International Women’s Day was first officially observed in 1911 and remains an annual opportunity to call for change and celebrate the many acts of courage and determination by ordinary women who play an extraordinary role in the world’s future.
It’s hardly been three months since India came to a standstill after the gruesome gang rape in New Delhi. The incident generated national and international attention and was condemned in India and abroad. It has left us determined to find answers to difficult but basic questions: Are India’s women really safe, both inside and outside their homes? Can they celebrate their freedom? How can we ensure that all women are able to pursue their dreams?
Over the years, considerable effort has gone into social, political and economic empowerment of women, but progress has been too slow. For women living with HIV (WLHIV) in India, the challenges are multiple. These women encounter daily stigma & discrimination and face barriers to accessing HIV prevention, treatment and care as well as sexual and reproductive health (SRH) services. WLHIV often lack status and decision-making power and have inadequate control over financial resources and limited mobility to travel to find better jobs. Even today, laws and policies impede their access to health care and other services.
Though the sexual reproductive health and rights of people living with HIV (PLHIV) remain largely unrealized in this country, India HIV/AIDS Alliance is working to address some of the issues faced by WLHIV through our Koshish Project. With financial support from European Commission, Koshish affirms the principles of empowerment and partnership as core strategies to tackle the problems faced by these women, including stigma & discrimination, inaccessibility and non-availability of services and the lack of comprehensive SRH for PLHIV.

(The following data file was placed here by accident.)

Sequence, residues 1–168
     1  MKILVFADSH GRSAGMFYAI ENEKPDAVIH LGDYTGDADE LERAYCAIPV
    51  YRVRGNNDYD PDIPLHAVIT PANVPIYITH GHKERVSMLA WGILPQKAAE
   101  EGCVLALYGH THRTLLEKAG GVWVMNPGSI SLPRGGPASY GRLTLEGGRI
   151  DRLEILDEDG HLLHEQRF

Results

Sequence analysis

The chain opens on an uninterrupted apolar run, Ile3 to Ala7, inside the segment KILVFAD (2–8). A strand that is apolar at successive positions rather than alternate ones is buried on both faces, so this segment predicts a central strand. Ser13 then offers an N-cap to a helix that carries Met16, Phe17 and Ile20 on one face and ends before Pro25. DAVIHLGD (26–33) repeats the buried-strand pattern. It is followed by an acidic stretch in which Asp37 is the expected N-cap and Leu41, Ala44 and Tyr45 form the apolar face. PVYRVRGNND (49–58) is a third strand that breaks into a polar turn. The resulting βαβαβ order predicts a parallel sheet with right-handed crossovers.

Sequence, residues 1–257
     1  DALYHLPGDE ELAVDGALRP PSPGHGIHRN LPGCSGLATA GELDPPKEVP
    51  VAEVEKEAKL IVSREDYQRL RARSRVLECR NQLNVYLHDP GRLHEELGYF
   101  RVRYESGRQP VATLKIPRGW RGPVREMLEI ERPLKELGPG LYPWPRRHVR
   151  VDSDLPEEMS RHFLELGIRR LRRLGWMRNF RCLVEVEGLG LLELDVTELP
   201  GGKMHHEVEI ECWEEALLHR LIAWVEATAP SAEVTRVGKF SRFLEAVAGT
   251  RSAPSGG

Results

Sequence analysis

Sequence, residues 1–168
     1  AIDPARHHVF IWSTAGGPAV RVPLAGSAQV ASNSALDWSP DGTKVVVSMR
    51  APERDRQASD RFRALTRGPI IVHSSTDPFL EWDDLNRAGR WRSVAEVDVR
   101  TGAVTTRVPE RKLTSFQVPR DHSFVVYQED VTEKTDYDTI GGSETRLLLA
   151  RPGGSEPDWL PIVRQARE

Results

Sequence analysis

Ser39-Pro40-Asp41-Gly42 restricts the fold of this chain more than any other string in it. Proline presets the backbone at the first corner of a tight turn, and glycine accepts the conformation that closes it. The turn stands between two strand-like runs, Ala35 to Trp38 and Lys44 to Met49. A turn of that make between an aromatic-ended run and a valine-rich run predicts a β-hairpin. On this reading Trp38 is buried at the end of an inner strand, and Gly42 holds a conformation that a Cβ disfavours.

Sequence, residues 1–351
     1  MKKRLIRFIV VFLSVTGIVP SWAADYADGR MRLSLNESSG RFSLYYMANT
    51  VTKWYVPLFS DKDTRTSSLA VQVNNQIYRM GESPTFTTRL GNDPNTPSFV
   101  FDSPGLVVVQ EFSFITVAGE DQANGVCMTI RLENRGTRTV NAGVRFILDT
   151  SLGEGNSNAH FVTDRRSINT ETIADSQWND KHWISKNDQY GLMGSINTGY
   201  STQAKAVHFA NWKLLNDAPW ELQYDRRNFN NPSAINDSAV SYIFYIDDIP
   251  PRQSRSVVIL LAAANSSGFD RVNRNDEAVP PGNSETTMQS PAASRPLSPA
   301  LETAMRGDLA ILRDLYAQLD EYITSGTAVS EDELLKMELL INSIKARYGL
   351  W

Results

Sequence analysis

Through partners in Andhra Pradesh, Gujarat, Maharashtra and Tamil Nadu including PLHIV networks in these states, Koshish works with providers and decision-makers to help make barrier-free services available and formulate sensitive and progressive policies for PLHIV and key populations. Programme partners have proactively engaged these stakeholders to advocate for quality SRH services. Advocacy has focussed on issues like maternal health services for WLHIV, cervical cancer screening, quality counselling and increased awareness of SRH and rights.
It is a now time for us to look ahead and celebrate the untapped potential and opportunities that await future generations of women including WLHIV. As we enjoy the song “One Woman” to be released by UN on this International Women’s Day, let us dedicate our time and resources and pledge our commitment to WLHIV by mobilizing and empowering them and jointly advocating for their rights and needs in India and all over the world.
The author of this post, Kumkum Pal, is Programme Officer for Alliance India’s Koshish programme.
Alliance India works closely with PLHIV in India through its Koshish programme which aims to strengthen civil society organisations and networks that represent and work with PLHIV and other marginalised groups, such as MSM, transgenders, sex workers and IDUs, to effectively advocate for policies to improve the sexual & reproductive health and rights (SRHR) of PLHIV in India. This project is funded by the European Commission and is implemented in partnership with MAMTA, PWDS, VMM and CHETNA, along with state-level networks for PLHIV in Maharashtra, Tamil Nadu, Andhra Pradesh and Gujarat.
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